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#WorldPangolinDay 2017 Observed With a Portrait From National Geographic Photo Ark

It is estimated that more than a million pangolins have been snatched from the wild in the past decade, according to the IUCN SSC Pangolin Specialist Group, an organization leading efforts to save these scaly, ant-eating mammals from poaching and illegal trade. That might just make the pangolin the most trafficked animal in the world, and...

It is estimated that more than a million pangolins have been snatched from the wild in the past decade, according to the IUCN SSC Pangolin Specialist Group, an organization leading efforts to save these scaly, ant-eating mammals from poaching and illegal trade.

That might just make the pangolin the most trafficked animal in the world, and all because in some consumer markets eating its flesh is seen as a rare luxury, or its scales are used in traditional medicine. This is an illegal and immoral trade. On #WorldPangolinDay (February 18), you can help by educating yourself and spreading awareness of this situation.

A Vulnerable adult female white bellied pangolin, Phataginus tricispis, with her baby at Pangolin Conservation, Saint Augustine, Florida. Photographed for the National Geographic Photo Ark by Joel Sartore. Species are disappearing at an alarming rate. But together we can help. The interaction between animals and their environments is the engine that keeps the planet healthy for all of us. But for many species, time is running out. That’s why National Geographic, along with renowned photographer Joel Sartore, is dedicated to finding solutions to save them. Click on the Sartore photograph of the pangolins above to get more information.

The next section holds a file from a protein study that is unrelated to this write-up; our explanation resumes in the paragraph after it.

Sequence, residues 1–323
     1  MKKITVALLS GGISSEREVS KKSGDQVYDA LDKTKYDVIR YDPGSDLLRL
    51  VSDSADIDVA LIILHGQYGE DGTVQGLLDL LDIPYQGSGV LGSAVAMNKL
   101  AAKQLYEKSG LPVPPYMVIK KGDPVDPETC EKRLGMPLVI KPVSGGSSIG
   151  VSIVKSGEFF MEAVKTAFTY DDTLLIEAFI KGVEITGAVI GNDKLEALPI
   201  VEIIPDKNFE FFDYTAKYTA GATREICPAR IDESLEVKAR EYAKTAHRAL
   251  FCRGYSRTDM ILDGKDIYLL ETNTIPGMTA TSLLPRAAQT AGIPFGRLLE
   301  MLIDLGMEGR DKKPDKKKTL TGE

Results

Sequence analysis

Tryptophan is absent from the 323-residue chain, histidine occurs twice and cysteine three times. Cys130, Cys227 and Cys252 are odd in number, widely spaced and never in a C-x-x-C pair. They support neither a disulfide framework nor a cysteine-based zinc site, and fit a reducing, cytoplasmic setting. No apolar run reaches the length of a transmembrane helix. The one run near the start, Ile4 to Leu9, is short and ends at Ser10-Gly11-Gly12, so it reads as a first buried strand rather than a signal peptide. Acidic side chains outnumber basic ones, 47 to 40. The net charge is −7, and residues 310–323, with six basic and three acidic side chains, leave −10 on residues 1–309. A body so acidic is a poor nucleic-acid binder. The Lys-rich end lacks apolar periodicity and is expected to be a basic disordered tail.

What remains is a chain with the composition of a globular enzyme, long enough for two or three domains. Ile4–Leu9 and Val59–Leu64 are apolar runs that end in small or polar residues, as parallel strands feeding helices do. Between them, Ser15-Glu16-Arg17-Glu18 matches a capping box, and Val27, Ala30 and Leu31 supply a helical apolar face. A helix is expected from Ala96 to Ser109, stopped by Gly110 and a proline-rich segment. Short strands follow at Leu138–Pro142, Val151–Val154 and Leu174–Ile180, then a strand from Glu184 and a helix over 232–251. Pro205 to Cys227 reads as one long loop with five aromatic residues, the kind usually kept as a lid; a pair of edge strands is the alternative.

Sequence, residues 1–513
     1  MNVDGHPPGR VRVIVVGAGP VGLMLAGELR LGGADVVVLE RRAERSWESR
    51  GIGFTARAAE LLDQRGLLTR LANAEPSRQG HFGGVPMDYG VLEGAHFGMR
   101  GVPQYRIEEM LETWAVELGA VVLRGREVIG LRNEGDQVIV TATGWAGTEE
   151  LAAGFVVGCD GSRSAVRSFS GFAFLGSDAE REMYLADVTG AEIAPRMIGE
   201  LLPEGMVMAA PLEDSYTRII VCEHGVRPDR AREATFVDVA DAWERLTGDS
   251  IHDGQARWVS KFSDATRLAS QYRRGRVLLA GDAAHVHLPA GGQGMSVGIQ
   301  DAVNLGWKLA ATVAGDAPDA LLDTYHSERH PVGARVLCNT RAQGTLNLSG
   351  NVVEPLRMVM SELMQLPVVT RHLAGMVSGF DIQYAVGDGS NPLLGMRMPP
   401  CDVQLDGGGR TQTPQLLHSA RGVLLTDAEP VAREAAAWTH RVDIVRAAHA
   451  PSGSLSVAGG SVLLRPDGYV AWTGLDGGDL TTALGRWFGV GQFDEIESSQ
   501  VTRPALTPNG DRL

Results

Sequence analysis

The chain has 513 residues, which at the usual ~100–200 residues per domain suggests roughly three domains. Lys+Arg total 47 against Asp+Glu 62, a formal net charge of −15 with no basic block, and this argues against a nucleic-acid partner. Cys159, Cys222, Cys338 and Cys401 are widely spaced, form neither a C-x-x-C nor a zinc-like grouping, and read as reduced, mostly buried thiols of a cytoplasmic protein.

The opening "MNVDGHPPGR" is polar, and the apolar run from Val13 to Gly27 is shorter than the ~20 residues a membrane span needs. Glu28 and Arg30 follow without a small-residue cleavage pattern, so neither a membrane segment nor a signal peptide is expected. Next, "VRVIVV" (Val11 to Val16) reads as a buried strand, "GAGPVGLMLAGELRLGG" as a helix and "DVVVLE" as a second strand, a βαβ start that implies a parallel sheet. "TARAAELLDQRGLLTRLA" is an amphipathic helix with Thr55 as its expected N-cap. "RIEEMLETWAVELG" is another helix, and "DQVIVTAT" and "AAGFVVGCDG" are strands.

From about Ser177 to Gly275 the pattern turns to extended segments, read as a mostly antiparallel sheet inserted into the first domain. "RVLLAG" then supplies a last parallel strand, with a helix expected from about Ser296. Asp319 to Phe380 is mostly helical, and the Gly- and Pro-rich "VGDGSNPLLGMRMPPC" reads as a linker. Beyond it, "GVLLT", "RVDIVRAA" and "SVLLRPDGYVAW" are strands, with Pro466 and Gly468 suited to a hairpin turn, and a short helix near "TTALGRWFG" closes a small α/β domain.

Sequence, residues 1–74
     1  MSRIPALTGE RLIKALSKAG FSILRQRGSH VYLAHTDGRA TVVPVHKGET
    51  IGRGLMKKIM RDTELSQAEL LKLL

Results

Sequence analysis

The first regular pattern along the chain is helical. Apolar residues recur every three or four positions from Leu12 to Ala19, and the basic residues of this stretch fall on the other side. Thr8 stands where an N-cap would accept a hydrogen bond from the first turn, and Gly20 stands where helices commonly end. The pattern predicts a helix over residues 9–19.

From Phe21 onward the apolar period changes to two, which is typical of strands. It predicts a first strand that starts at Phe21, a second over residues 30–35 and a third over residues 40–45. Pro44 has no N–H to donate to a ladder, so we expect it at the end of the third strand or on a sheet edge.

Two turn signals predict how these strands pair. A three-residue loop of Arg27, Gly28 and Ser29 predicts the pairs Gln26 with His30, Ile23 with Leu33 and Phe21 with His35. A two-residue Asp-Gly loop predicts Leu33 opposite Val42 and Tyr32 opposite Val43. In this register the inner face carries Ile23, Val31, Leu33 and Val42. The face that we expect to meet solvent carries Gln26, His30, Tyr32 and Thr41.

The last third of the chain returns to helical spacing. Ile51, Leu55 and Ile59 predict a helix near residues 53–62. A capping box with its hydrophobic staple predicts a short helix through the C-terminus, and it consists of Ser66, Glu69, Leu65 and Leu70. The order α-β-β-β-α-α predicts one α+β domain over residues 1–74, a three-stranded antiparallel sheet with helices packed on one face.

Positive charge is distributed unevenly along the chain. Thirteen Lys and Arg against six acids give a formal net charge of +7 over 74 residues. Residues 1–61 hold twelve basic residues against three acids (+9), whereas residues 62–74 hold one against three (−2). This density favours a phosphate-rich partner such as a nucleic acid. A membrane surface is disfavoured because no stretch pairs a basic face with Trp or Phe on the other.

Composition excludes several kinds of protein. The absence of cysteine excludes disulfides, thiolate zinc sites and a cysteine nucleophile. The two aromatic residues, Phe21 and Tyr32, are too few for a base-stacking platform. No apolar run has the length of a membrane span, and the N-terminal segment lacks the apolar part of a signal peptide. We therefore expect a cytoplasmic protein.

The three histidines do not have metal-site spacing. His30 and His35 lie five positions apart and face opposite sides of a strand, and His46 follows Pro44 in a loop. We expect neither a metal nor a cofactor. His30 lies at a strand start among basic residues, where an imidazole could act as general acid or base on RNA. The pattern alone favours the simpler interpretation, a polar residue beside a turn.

A Vulnerable adult female white bellied pangolin, Phataginus tricispis, with her baby at Pangolin Conservation, Saint Augustine, Florida. Photographed for the National Geographic Photo Ark by Joel Sartore. Species are disappearing at an alarming rate. But together we can help. The interaction between animals and their environments is the engine that keeps the planet healthy for all of us. But for many species, time is running out. That’s why National Geographic, along with renowned photographer Joel Sartore, is dedicated to finding solutions to save them. Click on the Sartore photograph of the pangolins above to get more information.

More about the pangolin

IUCN SSC Pangolin Specialist Group
Pangolin conservation (ZSL)
Save Pangolins
Pangolins (U.S. Fish & Wildlife Service)
Pangolin (WWF)
Carnivore & Pangolin Conservation Program (Vietnam)

The National Geographic Photo Ark is a multi-year project to photograph all species in captivity. The pangolin is one of them. To learn more about the Photo Ark, visit natgeophotoark.org,

Follow the Photo Ark photographer Joel Sartore and the National Geographic Photo Ark on InstagramTwitter, and Facebook, and add your voice using #SaveTogether.

About National Geographic Society

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Meet the Author

David Max Braun
More than forty years in U.S., UK, and South African media gives David Max Braun global perspective and experience across multiple storytelling platforms. His coverage of science, nature, politics, and technology has been published/broadcast by the BBC, CNN, NPR, AP, UPI, National Geographic, TechWeb, De Telegraaf, Travel World, and Argus South African Newspapers. He has published two books and won several journalism awards. In his 22-year career at National Geographic he was VP and editor in chief of National Geographic Digital Media, and the founding editor of the National Geographic Society blog, hosting a global discussion on issues resonating with the Society's mission and initiatives. He also directed the Society side of the Fulbright-National Geographic Digital Storytelling Fellowship, awarded to Americans seeking the opportunity to spend nine months abroad, engaging local communities and sharing stories from the field with a global audience. A regular expert on National Geographic Expeditions, David also lectures on storytelling for impact. He has 120,000 followers on social media: Facebook  Twitter  LinkedIn